Review: COLOSSAL, Soho Theatre

An unexpectedly clever solo show from Patrick McPherson

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Guest Blog: Nia Morais on Her First Play IMRIE, Welsh Fantasy and The Dark FantasticIn Colossal, Patrick McPherson presents us with what initially seems to be a love story. As the show develops however, we gradually discover what it really is: a twisting, tricky tale of morality.

McPherson has been on the Fringe circuit for a few years now, finding success in Edinburgh and in Perth. Soho Theatre have developed a reputation for bringing the best of Fringe theatre to central London, and Colossal is yet another success.

At the top of the show McPherson, playing a character called Dan, delivers a catchy half-sung half-spoken number about the confusions of modern dating, taking us on a high speed tour of his previous relationships. Immediately there's a buzz in the theatre - the upbeat tunes, matched with relentless wit and glowing blue lights makes this an electric opening.

We learn that this particular story is about Sam, his most recent ex. We follow Dan through their relationship from beginning to end - from meeting in a club, complete with boring techno when what he really wants is ABBA - through to meeting the parents at a painfully awkward barbeque, to the arguments beginning. Their relationship is pretty typical, but the depiction of navigating dating and friendships in your twenties is relatable, and McPherson finds every ounce of comedy in everyday scenarios.

The music is also a huge part of this show. Perhaps unexpected for a one-man show about relationships, McPherson integrates songs into the storytelling, adding another layer to the performance. While in a couple of instances they border on cringeworthy, their overall benefit to the pace and structure of the show clearly outweighs the less successful moments.

Up until the end, Colossal is nothing really out of the ordinary. It's a strong solo show, but nothing we haven't seen before. Where it really comes into its own is when the bravado and comedy is stripped away, and we are forced to question everything we've just heard. McPherson breaks the fourth wall in a hugely effective way, unafraid of making his character unlikeable and confronting us with the realities of how adult relationships tend to begin and end. It's not always comfortable, but it's captivating, playing with the typical form of a solo show in an unexpectedly clever way.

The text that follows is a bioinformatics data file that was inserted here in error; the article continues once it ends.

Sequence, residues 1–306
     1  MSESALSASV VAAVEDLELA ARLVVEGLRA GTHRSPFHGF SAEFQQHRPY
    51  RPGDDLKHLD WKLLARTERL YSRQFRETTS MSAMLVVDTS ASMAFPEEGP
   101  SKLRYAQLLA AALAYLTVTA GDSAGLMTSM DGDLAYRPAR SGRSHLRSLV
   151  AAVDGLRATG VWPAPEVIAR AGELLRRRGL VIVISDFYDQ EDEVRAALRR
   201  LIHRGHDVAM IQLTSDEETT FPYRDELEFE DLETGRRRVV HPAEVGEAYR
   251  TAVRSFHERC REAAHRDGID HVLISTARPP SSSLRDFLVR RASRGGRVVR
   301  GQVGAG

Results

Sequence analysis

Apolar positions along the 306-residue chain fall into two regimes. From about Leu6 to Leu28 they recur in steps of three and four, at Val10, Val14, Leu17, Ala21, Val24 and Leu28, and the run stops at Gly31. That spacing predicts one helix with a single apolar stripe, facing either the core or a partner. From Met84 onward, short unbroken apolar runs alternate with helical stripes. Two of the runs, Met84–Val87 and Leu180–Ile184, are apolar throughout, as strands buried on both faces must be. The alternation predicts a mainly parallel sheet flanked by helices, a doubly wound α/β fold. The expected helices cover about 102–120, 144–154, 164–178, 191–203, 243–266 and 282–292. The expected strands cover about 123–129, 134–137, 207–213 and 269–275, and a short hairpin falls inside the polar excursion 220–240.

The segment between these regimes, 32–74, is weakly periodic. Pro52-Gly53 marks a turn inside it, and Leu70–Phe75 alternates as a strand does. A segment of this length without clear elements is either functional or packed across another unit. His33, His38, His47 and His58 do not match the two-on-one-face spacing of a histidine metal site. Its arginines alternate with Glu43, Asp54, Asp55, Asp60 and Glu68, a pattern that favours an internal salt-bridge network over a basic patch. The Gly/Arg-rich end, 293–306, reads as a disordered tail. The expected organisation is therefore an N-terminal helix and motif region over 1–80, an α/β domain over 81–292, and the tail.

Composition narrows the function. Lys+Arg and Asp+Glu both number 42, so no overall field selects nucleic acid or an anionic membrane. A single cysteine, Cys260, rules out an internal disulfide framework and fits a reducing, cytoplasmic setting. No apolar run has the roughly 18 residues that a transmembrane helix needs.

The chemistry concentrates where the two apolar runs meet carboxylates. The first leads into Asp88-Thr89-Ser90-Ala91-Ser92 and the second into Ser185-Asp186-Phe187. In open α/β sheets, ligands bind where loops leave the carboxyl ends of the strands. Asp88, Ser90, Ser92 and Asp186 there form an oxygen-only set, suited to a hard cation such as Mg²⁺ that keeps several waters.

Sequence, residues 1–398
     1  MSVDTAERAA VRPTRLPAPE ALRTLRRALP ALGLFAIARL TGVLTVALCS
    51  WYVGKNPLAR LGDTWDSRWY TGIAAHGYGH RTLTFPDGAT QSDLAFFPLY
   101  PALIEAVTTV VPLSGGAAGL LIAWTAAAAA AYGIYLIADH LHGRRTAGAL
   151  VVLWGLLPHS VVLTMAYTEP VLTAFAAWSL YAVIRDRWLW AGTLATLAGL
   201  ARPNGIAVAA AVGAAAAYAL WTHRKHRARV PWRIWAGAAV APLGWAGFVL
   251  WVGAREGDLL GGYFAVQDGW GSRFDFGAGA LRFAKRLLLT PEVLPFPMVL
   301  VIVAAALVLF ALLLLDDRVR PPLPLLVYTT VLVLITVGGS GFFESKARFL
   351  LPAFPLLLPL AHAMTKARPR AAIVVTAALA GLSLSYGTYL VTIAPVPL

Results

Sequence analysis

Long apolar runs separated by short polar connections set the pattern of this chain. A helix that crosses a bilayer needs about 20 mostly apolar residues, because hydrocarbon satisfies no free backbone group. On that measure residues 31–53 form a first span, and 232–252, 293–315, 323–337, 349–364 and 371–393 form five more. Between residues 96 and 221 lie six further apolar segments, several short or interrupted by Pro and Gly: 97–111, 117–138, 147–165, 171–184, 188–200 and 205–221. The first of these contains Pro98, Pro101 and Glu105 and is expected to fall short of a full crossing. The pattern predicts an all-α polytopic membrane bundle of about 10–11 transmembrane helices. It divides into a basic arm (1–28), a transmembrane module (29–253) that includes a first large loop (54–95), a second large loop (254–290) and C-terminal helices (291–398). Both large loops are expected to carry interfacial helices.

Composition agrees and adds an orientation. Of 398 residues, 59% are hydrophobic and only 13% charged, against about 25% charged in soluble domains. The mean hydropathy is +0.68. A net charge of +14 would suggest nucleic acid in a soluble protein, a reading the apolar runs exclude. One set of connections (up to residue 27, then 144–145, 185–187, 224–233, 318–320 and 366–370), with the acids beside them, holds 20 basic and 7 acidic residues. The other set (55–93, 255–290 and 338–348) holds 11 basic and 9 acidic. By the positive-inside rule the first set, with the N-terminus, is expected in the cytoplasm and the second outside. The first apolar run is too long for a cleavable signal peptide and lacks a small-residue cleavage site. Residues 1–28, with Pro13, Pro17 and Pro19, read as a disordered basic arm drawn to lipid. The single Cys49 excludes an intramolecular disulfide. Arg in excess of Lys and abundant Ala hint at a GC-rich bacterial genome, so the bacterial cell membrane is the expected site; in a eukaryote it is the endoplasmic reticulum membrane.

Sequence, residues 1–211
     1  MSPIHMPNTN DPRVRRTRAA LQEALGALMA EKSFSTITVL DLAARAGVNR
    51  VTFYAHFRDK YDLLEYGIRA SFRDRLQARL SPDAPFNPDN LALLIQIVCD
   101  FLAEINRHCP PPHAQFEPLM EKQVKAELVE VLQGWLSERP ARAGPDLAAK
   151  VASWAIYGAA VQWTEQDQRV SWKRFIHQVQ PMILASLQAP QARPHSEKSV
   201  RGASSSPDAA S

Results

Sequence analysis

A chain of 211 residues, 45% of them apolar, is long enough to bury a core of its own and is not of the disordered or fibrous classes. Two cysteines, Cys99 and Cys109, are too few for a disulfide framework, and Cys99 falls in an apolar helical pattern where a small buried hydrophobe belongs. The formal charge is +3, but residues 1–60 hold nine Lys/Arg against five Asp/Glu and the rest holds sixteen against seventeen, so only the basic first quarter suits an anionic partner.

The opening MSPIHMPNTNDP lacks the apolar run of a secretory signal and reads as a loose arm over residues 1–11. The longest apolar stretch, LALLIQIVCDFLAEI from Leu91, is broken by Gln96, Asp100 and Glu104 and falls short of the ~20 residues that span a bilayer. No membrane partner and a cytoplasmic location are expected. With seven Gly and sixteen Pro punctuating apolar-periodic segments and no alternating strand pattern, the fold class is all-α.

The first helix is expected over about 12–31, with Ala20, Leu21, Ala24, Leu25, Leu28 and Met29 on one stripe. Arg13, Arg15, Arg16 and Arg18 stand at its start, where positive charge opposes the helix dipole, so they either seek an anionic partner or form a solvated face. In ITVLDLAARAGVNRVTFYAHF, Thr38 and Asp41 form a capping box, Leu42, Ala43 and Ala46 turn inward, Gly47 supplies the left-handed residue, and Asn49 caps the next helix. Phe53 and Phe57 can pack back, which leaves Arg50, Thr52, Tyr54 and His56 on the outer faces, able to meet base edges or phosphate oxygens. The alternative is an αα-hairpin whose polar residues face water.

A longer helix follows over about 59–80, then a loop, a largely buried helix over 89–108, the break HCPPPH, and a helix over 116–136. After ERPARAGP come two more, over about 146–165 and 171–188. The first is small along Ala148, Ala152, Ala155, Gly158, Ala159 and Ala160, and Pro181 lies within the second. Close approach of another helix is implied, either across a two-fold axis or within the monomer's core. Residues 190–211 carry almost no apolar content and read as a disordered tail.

Another element of Colossal that singles it out in the sea of solo Fringe shows is its lighting design - production designer Will Hayman builds the lights into the performance, using glowing blues and purples as well as an ominous flickering to intricately interact with how this story is told.

Director Susie MacDonald works well within this world, seamlessly showing us when McPherson is speaking to an unseen character onstage and when he is speaking directly to us, and making sure the pace never drops. This is complimented by simple but effective sound design by Sam MacDonald.

It's also nice to see a show about a bisexual man where his sexuality isn't the point of the narrative - queerness is incidental here in a way that's really refreshing.

McPherson himself is an effortlessly engaging performance, combining a swaggering stage presence with strong voice work that sees him switch from friendly to intimidating in a split second.

The show isn't perfect - the structure in the middle feels a little aimless at times, and Dan and Sam's relationship feels a little too generic, making it hard for us to really feel for any of the characters. McPherson's charm and infectious energy, however, make it easy to brush over these issues.

Much smarter than it initially seems, Colossal is a fast-paced, genre-bending solo performance that unpicks morality and masculinity - it's both a lot of fun and very clever, making it an excellent piece of theatre.

Colossal runs at Soho Theatre until 25 March

Photo Credit: Lydia Crisafulli




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From This Author - Katie Kirkpatrick

Currently studying for a degree in French at Oxford, Katie has previously written for A Younger Theatre and Noises Off magazine at the National Student Drama Festival, and Ed Fringe Review. She l... (read more about this author)

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